Why this woman is on an annual mission to instil kindness among M’sians

AFTER Puteri N. Balqis’s spirits dropped to an all-time low in August 2021, she resolved to do something about it to make herself happy once more.

In an effort to bring a smile to others and hopefully smile herself in the process, she started the Kind Box project, where random Malaysians signed up to exchange gifts anonymously a la Secret Santa style.

The project was a successful one, seeing 300 individuals getting on board and many taking to Twitter on Aug 31 (unexpectedly coinciding with Merdeka day) to share their gift exchange experiences.

After popular demand, the popular Twitter user – who goes by the @puteriarchy handle – brought back the project this year.

This year’s project, however, received fewer sign-ups than last year (only 160).

But as it met its objective of making Puteri and others happy, one can consider the Kind Box project nothing short of a triumph.

(Photo credit: Twitter user @whymustchxkk)

In a recent interview with FocusM, Puteri, 27, said she did not plan to start the project in conjunction with Merdeka last year.

“It so happened that I hit rock bottom around that time and I wanted to do something that makes people, and eventually myself, happy,” she said.

The public relations and communications specialist added that she had no plans to bring back the project this year.

“However, someone that is very dear to my sister was leaving the country for good soon and one of his last requests was to experience the #KindBoxProject. I was just honouring his request; an act of love if you ask me.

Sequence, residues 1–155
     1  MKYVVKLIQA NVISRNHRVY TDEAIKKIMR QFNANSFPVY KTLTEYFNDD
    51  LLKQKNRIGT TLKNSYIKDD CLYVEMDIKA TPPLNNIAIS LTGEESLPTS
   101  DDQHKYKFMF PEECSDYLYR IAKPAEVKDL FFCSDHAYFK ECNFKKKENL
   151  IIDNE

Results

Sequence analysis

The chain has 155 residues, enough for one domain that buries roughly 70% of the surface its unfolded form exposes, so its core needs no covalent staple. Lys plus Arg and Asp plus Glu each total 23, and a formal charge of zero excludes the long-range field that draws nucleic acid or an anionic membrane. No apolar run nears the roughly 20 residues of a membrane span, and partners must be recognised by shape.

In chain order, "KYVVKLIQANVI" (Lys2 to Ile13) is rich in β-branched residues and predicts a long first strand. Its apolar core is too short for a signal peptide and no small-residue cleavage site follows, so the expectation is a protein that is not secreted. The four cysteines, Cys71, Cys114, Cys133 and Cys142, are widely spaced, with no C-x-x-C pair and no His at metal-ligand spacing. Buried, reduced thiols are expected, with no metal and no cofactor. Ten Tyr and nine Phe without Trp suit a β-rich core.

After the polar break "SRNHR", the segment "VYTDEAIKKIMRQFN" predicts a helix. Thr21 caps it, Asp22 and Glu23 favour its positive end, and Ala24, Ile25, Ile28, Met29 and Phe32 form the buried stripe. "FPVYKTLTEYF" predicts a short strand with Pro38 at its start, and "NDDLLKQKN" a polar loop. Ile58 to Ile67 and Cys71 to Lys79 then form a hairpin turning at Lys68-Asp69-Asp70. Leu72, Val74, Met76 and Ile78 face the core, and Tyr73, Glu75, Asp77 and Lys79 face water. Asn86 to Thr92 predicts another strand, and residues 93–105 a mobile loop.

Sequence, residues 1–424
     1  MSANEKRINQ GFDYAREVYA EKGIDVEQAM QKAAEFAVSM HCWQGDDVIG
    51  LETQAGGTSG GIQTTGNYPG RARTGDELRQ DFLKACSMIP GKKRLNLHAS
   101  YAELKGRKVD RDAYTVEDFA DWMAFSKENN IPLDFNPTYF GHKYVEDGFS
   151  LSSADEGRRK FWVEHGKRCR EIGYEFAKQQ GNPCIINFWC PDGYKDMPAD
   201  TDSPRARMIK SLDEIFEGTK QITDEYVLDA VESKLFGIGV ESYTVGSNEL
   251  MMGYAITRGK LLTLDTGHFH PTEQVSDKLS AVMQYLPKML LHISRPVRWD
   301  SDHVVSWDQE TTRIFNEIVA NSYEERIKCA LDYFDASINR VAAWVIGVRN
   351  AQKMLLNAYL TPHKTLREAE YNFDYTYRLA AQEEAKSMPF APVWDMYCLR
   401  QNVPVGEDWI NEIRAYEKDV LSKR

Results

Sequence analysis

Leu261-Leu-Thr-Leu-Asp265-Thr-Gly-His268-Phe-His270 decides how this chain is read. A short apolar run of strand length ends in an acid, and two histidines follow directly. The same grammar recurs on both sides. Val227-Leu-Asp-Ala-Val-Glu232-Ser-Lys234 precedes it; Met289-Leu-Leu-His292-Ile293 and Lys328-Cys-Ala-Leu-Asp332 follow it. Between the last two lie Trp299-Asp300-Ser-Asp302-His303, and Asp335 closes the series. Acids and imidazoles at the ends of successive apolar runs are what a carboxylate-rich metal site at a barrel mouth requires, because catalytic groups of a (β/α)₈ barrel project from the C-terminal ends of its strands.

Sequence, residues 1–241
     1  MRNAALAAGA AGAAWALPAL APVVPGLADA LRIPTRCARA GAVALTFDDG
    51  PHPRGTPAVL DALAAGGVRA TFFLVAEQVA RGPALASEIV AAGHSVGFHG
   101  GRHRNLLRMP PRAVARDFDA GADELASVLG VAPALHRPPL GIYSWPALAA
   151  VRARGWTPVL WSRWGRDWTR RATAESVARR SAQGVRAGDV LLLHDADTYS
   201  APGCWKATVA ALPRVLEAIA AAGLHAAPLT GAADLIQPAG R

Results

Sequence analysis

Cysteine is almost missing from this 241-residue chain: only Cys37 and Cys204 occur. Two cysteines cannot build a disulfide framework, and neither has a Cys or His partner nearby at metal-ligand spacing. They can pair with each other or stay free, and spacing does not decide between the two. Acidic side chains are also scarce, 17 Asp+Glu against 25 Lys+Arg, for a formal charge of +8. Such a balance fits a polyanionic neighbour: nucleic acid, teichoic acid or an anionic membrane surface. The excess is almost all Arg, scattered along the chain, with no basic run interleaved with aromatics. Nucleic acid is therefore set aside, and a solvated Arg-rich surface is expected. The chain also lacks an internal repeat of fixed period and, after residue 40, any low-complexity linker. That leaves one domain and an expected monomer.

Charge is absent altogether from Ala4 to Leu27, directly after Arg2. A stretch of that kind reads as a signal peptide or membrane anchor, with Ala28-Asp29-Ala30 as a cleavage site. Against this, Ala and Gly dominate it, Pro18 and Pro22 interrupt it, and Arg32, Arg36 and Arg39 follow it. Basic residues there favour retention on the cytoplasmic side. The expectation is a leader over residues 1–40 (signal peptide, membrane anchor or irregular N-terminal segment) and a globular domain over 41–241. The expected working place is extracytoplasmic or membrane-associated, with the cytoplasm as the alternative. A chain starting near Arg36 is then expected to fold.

“Also, many people were asking for the project, so I thought, ‘Why not?’”

“A one-woman show”

Managing the project all on her own must have been tough – she single-handedly set up and managed the collation of Google Form entries, designed posters to advertise the project, sent customised emails to everyone and sorted out any issues that cropped up.

“Ideally, it would have been great to have a small team, but I was super occupied,” she explained. “I didn’t even have the time to assemble a team; I roll as I go.”

Commenting on this year’s project, Puteri lamented that the participation rate dropped by 50% compared to last year (even as this year saw about 50% of new participants taking part in the project).

“(This year’s) reception was in a humbler setting than last year’s but I think that’s probably because we were confined in our homes around this time last year and life is slowly getting back to normal now,” she noted.

Even so, Puteri was still moved with the gift-giving exchanges this year – which she recommended to be publicised on Twitter – with one, in particular, catching her eye.

User @whymustchxkk had shared how she was feeling demotivated all August, and on her very last day at her workplace, she got her kind box, filled with books, chocolates and a personal letter from her gifter.

“My request from my pen-pal mate was something handmade,” she wrote on Twitter. “I didn’t mind the price, but little did he know that his letter was the most precious thing I ever got.”

It’s the same message that Puteri wishes to pass on to those struggling during these unprecedented times: be kind, always.

“As corny as it gets, there’s always a light at the end of the tunnel. Trials and tribulations are parts and parcels of life, and an act of kindness can definitely uplift each other’s spirits.

“I know this: I kickstarted the project when I hit rock bottom, and seeing people having so much fun warms me,” she said.

As to whether the Kind Box project will make another comeback next year, Puteri, who previously complained about “half-assed” gift boxes and partners being “ghosted”, said: “We’ll see how it goes”. – Sept 16, 2022

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